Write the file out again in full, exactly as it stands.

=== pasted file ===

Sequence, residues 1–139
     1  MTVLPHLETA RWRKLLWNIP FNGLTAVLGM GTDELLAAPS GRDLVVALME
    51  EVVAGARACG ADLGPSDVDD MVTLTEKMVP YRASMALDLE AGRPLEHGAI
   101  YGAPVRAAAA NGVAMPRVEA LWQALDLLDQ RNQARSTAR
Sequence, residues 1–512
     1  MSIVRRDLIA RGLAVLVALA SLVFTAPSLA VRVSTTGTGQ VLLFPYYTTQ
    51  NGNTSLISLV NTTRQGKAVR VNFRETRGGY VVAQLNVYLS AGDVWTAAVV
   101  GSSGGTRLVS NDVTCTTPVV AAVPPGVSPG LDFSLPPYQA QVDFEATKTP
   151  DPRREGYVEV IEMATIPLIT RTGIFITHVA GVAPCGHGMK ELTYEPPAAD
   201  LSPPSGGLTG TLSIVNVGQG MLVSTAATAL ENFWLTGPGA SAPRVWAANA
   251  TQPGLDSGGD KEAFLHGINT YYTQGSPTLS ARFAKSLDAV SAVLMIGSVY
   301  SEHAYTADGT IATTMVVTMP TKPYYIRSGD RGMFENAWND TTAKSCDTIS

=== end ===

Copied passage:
Sequence, residues 1–139
     1  MTVLPHLETA RWRKLLWNIP FNGLTAVLGM GTDELLAAPS GRDLVVALME
    51  EVVAGARACG ADLGPSDVDD MVTLTEKMVP YRASMALDLE AGRPLEHGAI
   101  YGAPVRAAAA NGVAMPRVEA LWQALDLLDQ RNQARSTAR
Sequence, residues 1–512
     1  MSIVRRDLIA RGLAVLVALA SLVFTAPSLA VRVSTTGTGQ VLLFPYYTTQ
    51  NGNTSLISLV NTTRQGKAVR VNFRETRGGY VVAQLNVYLS AGDVWTAAVV
   101  GSSGGTRLVS NDVTCTTPVV AAVPPGVSPG LDFSLPPYQA QVDFEATKTP
   151  DPRREGYVEV IEMATIPLIT RTGIFITHVA GVAPCGHGMK ELTYEPPAAD
   201  LSPPSGGLTG TLSIVNVGQG MLVSTAATAL ENFWLTGPGA SAPRVWAANA
   251  TQPGLDSGGD KEAFLHGINT YYTQGSPTLS ARFAKSLDAV SAVLMIGSVY
   301  SEHAYTADGT IATTMVVTMP TKPYYIRSGD RGMFENAWND TTAKSCDTIS